As venues, tours, gigs and shows were closed and cancelled they immediately set up a Crowd Funder to provide an emergency fund, for artists who are in real financial strife. Passing their initial target they have now set their sights on raising more money to grow the fund. Well done Middle Child.
In the last few days I’ve watched BladeRunner 2049 which was okay but not a patch on the original and Alien Covenant which was good and better than some of the sequels. Covenant being a prequel you always felt you knew what had to happen, in order to fit with what you already know about the story. Also I just can’t get to grips with a clean-shaven Billy Crudup: he’s no Willem Dafoe is he.
It struck me that both films are creation narratives probing what it means to be human and the responsibility of reproduction. In fact if I was asked to come up with the title of the next in the Alien franchise I’d plump for Alien Progeny.
Thanks to all of you who are reading these posts, there’s lots more good stuff to explore throughout the site. I hope you all can have a better day just like I did today.
Stay Safe Hull!
Day Eight: The world has changed there can be no mistake about that, a whole raft of new measures governing every aspect of our lives. It really is everybody’s responsibility to socially distance and self isolate as required. And with rising numbers of young people becoming very sick and hospitalised, it is painfully clear that this virus can infect the entire population indiscriminately.
All that being said I am conscious that I started this blog for me to document my experience of self isolation, and not just to do a running commentary of the crisis with regurgitated news updates. So day eight is about writing something else.
I said last week that I began taking a bear to bed with me as a source of comfort and I just wanted to explore that a little more. Last night I had a terrible night’s sleep. My tinnitus kept me awake and I have several sleep disorders, including sleep paralysis and exploding head syndrome: both very scary and even more so in a heightened stress state.
Exploding head syndrome makes the person just on the verge of sleep hear loud noises like doors slamming, or windows crashing just as they sleep into the first stage of sleep. The noises only exist in the person’s head but they are so loud and startling that they jolt the person awake. They then have to go through all the processes of trying to go to sleep again. On very bad nights each and every time they get to the verge of sleep it happens which can be increasingly frightening and lead to trying to stay awake to avoid the loud noises.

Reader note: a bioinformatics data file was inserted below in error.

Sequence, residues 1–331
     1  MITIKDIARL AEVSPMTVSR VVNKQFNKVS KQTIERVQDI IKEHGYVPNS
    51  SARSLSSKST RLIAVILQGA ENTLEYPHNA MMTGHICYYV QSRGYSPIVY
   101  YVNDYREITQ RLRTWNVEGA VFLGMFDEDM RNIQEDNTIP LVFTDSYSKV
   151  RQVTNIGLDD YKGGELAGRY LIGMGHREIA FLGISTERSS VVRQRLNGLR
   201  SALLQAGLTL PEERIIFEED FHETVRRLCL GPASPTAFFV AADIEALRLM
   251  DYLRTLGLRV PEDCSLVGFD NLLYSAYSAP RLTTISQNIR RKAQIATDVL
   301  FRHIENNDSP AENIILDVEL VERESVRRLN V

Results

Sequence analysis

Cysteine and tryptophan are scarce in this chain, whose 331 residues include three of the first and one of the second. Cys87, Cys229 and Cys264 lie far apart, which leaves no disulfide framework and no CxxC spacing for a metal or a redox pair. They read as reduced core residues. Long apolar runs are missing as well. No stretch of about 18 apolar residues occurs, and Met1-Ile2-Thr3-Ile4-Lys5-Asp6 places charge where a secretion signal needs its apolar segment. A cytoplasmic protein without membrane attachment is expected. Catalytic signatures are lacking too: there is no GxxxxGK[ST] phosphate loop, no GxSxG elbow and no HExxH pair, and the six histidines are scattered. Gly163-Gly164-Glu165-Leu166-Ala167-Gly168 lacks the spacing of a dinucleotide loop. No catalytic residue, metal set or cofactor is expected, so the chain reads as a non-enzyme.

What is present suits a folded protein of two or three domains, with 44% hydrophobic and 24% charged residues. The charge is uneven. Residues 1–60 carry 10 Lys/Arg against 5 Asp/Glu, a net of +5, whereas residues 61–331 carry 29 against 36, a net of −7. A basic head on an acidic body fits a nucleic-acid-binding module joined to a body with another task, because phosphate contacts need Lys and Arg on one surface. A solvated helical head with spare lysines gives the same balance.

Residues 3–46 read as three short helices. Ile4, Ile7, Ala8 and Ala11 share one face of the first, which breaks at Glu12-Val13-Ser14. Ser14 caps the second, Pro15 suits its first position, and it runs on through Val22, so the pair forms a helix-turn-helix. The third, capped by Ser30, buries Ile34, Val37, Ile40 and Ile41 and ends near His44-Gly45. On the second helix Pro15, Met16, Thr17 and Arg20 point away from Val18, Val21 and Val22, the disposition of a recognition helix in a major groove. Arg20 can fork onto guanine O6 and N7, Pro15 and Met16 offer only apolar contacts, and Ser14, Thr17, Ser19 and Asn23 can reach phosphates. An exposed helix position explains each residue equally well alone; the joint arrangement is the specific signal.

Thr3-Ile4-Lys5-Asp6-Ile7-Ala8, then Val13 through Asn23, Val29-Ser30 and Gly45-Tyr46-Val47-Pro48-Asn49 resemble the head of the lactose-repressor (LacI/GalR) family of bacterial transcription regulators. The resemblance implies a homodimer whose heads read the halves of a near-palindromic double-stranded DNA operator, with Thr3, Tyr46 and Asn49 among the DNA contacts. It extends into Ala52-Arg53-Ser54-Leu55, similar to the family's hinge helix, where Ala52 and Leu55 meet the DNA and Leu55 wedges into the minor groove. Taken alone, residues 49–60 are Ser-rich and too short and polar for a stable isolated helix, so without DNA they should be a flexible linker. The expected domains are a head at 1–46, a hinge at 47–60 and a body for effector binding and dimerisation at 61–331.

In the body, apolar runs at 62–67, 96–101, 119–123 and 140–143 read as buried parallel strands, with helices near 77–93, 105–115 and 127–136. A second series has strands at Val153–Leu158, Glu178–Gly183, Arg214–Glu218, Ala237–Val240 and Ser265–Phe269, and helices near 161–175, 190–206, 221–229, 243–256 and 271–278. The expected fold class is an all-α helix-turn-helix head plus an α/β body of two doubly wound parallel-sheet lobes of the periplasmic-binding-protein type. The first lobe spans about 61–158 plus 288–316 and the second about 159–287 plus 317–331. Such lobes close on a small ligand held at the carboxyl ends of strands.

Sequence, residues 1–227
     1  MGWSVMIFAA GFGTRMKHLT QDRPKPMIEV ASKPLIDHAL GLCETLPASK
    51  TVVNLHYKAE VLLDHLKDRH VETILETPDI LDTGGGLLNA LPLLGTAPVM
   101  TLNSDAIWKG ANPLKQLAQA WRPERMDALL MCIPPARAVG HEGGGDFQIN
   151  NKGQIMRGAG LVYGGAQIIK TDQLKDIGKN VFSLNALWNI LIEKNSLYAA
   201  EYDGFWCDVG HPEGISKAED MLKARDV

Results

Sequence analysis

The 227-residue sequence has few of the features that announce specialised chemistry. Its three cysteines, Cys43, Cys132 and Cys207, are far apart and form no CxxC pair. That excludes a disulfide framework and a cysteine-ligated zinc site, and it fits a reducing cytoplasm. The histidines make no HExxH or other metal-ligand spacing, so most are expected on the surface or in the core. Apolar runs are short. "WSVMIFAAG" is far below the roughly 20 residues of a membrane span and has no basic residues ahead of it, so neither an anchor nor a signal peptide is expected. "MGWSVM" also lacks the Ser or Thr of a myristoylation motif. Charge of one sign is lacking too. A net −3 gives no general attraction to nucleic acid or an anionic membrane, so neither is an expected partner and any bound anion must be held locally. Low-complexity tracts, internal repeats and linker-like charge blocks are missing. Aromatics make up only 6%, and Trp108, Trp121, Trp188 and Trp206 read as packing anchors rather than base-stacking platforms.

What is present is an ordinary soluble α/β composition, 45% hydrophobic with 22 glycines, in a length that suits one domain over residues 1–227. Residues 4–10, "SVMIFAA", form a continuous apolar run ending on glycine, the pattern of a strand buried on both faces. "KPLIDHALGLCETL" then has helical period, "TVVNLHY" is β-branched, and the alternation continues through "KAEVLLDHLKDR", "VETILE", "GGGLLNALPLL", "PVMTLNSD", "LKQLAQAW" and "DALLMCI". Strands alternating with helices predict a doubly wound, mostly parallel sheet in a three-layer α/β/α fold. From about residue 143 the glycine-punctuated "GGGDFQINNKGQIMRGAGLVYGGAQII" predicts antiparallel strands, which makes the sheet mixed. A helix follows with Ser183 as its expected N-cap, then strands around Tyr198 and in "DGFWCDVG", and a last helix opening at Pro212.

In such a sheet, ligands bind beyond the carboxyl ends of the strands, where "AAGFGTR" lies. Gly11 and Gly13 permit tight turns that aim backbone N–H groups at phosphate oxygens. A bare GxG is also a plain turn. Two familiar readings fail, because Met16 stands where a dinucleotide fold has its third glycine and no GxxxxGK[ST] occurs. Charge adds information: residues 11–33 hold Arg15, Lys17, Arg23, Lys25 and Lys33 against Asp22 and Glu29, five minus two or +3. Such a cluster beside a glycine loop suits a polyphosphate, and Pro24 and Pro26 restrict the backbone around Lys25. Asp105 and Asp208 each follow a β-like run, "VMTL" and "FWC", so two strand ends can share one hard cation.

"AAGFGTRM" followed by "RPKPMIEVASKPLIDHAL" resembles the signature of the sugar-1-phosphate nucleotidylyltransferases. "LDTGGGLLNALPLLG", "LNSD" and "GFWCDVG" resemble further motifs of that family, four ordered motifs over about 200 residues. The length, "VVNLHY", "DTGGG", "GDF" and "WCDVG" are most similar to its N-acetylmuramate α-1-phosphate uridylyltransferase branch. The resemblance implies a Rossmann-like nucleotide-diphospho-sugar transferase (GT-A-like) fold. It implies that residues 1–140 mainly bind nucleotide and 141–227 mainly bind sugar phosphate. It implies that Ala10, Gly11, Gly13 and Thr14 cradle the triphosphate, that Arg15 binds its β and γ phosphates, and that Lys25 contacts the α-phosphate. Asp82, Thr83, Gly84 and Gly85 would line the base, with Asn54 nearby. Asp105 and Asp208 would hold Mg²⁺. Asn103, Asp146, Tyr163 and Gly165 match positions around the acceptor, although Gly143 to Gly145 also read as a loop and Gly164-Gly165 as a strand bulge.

The other sleep disorder that of sleep paralysis is more common, and is often described being awake in a body that is asleep. It too can be accompanied by noises often a voice calling the sleeper’s name or making unintelligible vocal sounds roaring. The roar can be accompanied by intense feeling of heat and most often reported the feeling of a presence in the room. The last element has been connected by some as evidence for paranormal activity.
Last night I didn’t have bear with me, he is called Roden after my grandfather, and I experienced a bit of the first exploding head and a significant amount of sleep paralysis. I did sleep, I did dream I dreamt the doors were misbehaving, they were closing and opening rapidly and shaking and vibrating and at some point I felt something crawl into bed with me, fingers wrapping around my wist and a palpable presence beside me. I froze and immediately forced myself awake sweating cobs, heart racing.
The feeling of fingers on or near your body is also reported in case studies of sleep paralysis, but it is so unnerving when it happens. I’m not surprised I spent months with an abject fear of sleeping and have struggled with my sleep pattern all my life. I think sleep specialists would have a field day with me, perhaps I can look more into getting some help, rather than having the occasional, and I mean occasional, sleeping pill.
Back to Roden: after calming down I found my bear, who I have had since 2003, and hugging him tightly, fell into an unbroken and peaceful sleep. I am reminded of Harlow’s work in privation and the way the rhesus monkeys in his infamous experiments, preferred contact with the surrogate mothers – wireframes just covered in cloth – over the bare wireframes containing the food source.
It’s a almost two decades since I did Psychology so please do shed some light on the power of a fur covered bear to provide comfort and security to one with very disturbed sleep.
Stay Safe Sleep Well!